The United States surpassed 250,000 deaths from the novel coronavirus Wednesday — an alarming reminder of the toll the virus has had on the world’s most heavily-infected country.
The milestone was reached a day after the deadliest day of the pandemic since May, with over 1,700 people dying on Tuesday alone, according to Johns Hopkins University.
As of 7 p.m. ET Wednesday, 250,140 deaths have been reported across the U.S. since the pandemic began last spring, based on data compiled by Johns Hopkins. Roughly 11.5 million infections have been confirmed to date.
More than 1,000 people have been dying nearly every day this month, a trend not seen since a second surge of the virus this past summer. November has seen an alarming new trend, however, with over 100,000 new cases being reported every day — reaching a record high just five days ago with over 177,000 infections.
The record surge in new cases in all 50 states is pushing hospitals to the brink. On Tuesday, the COVID Tracking Project reported a new high of nearly 77,000 hospitalizations.
That’s pushing health-care workers to the limit as they deal with deteriorating conditions inside hospitals, which are struggling to administer care to the overwhelming number of patients.
“We are depressed, disheartened and tired to the bone,” Alison Johnson, director of critical care at Johnson City Medical Center in Tennessee, told the Associated Press Wednesday.
The out-of-control surge is leading governors and mayors across the U.S. to grudgingly issue mask mandates, limit the size of private and public gatherings ahead of Thanksgiving, ban indoor restaurant dining, close gyms or restrict the hours and capacity of bars, stores and other businesses.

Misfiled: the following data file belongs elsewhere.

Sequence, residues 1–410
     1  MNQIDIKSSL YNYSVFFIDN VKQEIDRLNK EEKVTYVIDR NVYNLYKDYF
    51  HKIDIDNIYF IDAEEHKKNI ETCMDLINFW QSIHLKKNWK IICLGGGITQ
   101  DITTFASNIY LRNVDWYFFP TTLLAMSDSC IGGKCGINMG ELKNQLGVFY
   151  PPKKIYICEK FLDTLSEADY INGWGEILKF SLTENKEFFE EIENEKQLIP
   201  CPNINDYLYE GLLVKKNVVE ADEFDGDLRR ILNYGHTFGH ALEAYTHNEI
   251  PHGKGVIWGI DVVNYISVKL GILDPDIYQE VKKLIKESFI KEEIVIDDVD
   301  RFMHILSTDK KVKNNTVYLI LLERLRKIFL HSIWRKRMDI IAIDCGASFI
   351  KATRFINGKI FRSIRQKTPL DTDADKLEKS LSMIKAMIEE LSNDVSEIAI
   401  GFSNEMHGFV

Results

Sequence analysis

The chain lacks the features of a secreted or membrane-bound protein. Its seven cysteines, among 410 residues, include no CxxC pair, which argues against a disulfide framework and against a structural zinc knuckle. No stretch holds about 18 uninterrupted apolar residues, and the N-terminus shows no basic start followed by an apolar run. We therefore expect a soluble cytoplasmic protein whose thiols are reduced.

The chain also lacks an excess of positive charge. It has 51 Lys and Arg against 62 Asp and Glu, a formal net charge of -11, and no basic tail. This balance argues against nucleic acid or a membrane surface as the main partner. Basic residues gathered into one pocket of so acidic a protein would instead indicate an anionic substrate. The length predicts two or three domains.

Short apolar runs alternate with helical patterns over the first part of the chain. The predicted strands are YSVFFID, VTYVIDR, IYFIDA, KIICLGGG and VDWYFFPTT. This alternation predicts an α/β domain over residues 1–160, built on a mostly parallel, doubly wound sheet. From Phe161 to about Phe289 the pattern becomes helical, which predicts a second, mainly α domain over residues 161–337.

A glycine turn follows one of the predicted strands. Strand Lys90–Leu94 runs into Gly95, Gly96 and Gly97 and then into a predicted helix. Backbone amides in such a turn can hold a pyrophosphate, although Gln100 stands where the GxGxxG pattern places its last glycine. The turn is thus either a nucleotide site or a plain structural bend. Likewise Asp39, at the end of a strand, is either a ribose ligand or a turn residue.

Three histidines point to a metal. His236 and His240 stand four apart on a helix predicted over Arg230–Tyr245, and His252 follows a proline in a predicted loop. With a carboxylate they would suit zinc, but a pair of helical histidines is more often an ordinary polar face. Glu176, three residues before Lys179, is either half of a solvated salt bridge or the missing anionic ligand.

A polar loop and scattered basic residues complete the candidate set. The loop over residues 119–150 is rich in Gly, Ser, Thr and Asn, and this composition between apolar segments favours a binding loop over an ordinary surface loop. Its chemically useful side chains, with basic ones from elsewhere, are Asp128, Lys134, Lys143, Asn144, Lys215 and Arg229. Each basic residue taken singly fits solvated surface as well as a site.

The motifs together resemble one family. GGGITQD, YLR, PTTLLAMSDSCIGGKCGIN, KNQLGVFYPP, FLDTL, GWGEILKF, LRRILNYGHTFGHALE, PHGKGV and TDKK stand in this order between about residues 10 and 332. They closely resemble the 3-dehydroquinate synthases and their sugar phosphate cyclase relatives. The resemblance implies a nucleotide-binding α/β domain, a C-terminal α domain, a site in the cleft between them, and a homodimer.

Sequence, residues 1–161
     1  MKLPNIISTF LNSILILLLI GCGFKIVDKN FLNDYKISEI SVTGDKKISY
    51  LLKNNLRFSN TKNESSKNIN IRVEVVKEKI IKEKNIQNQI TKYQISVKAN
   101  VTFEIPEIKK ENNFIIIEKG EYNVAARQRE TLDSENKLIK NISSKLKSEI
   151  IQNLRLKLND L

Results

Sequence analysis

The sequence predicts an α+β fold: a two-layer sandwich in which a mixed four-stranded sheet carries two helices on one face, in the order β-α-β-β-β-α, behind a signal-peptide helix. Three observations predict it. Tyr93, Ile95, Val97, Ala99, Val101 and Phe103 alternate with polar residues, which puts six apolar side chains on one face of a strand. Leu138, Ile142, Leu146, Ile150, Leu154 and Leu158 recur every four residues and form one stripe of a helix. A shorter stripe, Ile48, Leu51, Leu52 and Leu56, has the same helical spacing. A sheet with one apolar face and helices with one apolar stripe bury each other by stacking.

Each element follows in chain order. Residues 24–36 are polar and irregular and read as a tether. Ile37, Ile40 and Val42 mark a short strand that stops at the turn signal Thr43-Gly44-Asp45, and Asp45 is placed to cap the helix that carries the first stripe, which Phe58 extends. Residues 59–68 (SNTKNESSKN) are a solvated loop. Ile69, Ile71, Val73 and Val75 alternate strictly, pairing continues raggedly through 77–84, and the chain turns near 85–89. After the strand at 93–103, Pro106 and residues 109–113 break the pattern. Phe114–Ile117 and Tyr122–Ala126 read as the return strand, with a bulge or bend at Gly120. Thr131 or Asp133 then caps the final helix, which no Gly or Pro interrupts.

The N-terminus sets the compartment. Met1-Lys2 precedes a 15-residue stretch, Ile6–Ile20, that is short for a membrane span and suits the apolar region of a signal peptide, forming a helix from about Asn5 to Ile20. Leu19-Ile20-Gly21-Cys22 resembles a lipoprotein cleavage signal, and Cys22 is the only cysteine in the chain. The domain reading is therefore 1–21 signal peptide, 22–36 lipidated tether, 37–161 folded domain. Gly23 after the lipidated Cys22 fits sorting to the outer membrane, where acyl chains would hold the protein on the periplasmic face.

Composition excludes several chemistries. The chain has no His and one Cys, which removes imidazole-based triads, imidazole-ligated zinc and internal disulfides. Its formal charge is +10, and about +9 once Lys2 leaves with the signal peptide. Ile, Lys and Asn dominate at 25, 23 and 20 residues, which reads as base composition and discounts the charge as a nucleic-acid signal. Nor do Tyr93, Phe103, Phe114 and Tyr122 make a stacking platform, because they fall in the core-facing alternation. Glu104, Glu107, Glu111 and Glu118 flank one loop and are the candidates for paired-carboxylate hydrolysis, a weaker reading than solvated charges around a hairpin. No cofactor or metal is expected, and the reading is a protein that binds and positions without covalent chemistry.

Yet there has been no public acknowledgment of the worsening health crisis from the federal government. President Donald Trump has largely avoided public events since he was projected to have lost the presidential election, only emerging to tout his administration’s plans to distribute a vaccine that has still not been approved.
Trump has also not attended a coronavirus task force meeting in five months, according to reports.
President-elect Joe Biden’s transition team has said it is not receiving information from the Trump administration about the pandemic or those vaccine plans, with Biden warning the continued delay of sharing information will affect his efforts to combat the virus.
“More people will die if we don’t co-ordinate,” Biden said Monday.
“We’re going into a very dark winter. Things are going to get much tougher before they get easier,” he said of the pandemic.
The Institute for Health Metrics and Evaluation at the University of Washington is projecting another 110,000 people could die by the time Biden is inaugurated on Jan. 20. The death toll may reach nearly 439,000 by March 1 unless more health restrictions are enforced, researchers say.
Many of those deaths are likely to occur before vaccines are properly distributed to the nation’s most vulnerable, let alone the majority of U.S. residents.
Both Pfizer and Moderna have reported their vaccine candidates are 95 per cent effective based on data from late-stage clinical trials. Pfizer said Wednesday that it will be applying for emergency use authorization from the U.S. Food and Drug Administration in the coming days.
Health and Human Services Secretary Alex Azar said Wednesday he expects there will be 40 million doses of the vaccine, which has to be taken in two doses to protect from COVID-19, available for distribution by the end of December. Azar and other top health officials have projected a vaccine could be widely available by the spring of 2021.
But Biden warned Wednesday that the continued refusal of Azar, HHS and the rest of the Trump administration to share those distribution plans with the incoming administration means the vaccine could be delayed by weeks or even months.
When asked about the Biden team’s concerns Wednesday, Azar said “in the event” of a transition, the vast majority of the HHS and Pentagon officials working on vaccine distribution are all career government employees and “there is really just total continuity that would occur.”
Azar said HHS cannot begin the transition process until allowed by an obscure agency called the General Services Administration, headed by a Trump appointee.
Pfizer has confirmed it’s already in regular communication with Biden’s transition team as well as the Trump administration and state governors about a vaccine and its distribution.
— With files from the Associated PressView link »